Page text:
Album Title: 
Awakening Of The Black Flame
Release Date: 
Friday, March 4, 2016
Review Type: 

Malum are quite a young outfit by Finnish warrior Niko ‘Tyrant’ Lindell, who recently joined combos like Kalmankantaja and Infernarium (as vocalist). Since the start in 2013, he did record a couple of EP’s (Malum and Burning Trident) and one album (Crowned With The Serpent Sun). Recently he joined Patologian Laboratorio Productions’ roster (Kalmankantaja are on the very same label, so that might be the clue / glue; by the way, I will write and upload a review for this band’s newest release too in a very near future) in order to release the newest EP, Awakening Of The Black Flame. For this three-track release, Tyrant (vocals and guitars) was helped out by EV Virtanen (guitars), Valtteri Tuovinen (guitars and bass; involved with e.g. Infernarium and Daemonarchia), Harri ‘Beleth’ Hakala (drum; known from acts like Nightside and Vordven) and October Fall’s Mikko Lehto (the latter playing guest guitars on one track). The mini-album gets released in an edition of 200 copies, and the three songs last in between seven and nine minutes.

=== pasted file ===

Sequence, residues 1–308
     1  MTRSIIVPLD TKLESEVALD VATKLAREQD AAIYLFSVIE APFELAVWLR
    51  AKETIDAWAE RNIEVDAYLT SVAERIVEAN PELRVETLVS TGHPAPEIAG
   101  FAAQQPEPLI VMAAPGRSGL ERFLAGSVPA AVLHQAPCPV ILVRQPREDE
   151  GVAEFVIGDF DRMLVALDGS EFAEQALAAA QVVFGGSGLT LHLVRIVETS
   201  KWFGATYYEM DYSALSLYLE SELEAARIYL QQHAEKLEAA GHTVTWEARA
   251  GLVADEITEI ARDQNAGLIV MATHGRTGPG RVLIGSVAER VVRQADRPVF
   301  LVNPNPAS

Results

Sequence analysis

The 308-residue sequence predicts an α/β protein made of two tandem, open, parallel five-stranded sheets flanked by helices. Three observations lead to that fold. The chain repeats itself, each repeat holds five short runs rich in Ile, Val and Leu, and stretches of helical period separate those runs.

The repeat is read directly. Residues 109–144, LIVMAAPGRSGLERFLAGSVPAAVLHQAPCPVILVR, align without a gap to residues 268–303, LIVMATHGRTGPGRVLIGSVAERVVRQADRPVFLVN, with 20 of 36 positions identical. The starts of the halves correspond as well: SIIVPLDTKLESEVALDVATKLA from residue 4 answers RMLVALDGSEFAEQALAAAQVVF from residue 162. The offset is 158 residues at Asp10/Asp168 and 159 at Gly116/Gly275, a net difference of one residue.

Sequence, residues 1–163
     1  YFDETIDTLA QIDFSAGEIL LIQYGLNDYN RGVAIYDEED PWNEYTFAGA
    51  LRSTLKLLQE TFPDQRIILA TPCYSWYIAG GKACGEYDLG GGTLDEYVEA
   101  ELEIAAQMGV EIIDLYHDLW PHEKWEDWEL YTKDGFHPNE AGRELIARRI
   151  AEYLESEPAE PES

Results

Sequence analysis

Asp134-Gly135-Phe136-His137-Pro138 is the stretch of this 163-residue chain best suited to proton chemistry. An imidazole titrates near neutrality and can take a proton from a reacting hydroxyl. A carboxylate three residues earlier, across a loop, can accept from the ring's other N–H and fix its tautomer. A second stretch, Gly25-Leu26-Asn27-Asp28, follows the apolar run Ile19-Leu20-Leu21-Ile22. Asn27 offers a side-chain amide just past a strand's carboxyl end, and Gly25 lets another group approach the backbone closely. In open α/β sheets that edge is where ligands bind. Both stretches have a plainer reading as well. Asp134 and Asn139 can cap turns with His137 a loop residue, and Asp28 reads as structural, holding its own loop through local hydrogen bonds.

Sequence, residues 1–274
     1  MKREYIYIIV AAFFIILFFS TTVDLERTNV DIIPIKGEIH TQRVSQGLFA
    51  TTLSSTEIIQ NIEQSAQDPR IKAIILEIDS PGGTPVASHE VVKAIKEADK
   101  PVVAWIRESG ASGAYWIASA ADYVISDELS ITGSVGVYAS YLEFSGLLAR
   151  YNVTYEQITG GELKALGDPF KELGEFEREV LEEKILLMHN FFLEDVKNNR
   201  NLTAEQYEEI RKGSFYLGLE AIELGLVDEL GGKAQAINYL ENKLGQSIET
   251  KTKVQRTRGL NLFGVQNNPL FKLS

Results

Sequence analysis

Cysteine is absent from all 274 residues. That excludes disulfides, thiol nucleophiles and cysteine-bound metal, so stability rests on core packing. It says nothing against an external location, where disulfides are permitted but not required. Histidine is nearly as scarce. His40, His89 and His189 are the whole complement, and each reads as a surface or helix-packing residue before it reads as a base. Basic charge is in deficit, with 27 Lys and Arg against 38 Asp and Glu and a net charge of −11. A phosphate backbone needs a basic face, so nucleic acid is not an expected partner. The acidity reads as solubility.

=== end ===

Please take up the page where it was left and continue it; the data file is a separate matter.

Opening track Will starts with a desolate introduction, yet quite soon it turns over to what this project stands for: playing energetic and quite traditional Black Metal. The basic riffs are quite fast, with both slower and blasting passages, and including a quite melodious yet highly epic structure. Indeed, the classic Scandinavian oriented essence prevails! Seen the length of the pieces, it’s not strange to notice quite some variety in speed, structure and approach, and seen the professional craftsmanship in song writing of Tyrant, plus the crafted execution of the whole horde, it’s not strange to notice quite some variety in speed, structure and approach either. Actually, there are quite some memorable, almost surprising excerpts. I do never dislike ‘traditional’ bands, at least when they do not spoil the essence, but only few bands are totally able to pay tribute to the origins and, at the same time, to bring something that simply stands out. This is such case. All three compositions are initially ‘traditional’, but all of them have a couple of excerpts that are just mind-blowing. It’s not the finesse of the fabulous equilibrium in different tempos, or the magnificent decent yet unpolished sound quality; it’s the whole package, including the few exceptionally outstanding chapters, that make Awakening Of The Black Flame so attractive. Formerly mentioned Will, as well as the doomier, even atmo-melancholic epic Ikuisen Vihan Tulessa (hail Solus, Hades, Forgotten Woods and early Satyricon!) or the furious title track are semi-classics, quite lengthy but permanently attractive and constantly bewitching.